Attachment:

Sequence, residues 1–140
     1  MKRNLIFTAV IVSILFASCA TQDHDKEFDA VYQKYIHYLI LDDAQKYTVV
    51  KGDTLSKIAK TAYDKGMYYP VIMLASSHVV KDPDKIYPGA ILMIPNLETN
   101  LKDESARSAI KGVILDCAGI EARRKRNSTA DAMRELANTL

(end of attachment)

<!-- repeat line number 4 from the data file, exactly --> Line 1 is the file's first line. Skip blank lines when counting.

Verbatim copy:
   101  LKDESARSAI KGVILDCAGI EARRKRNSTA DAMRELANTL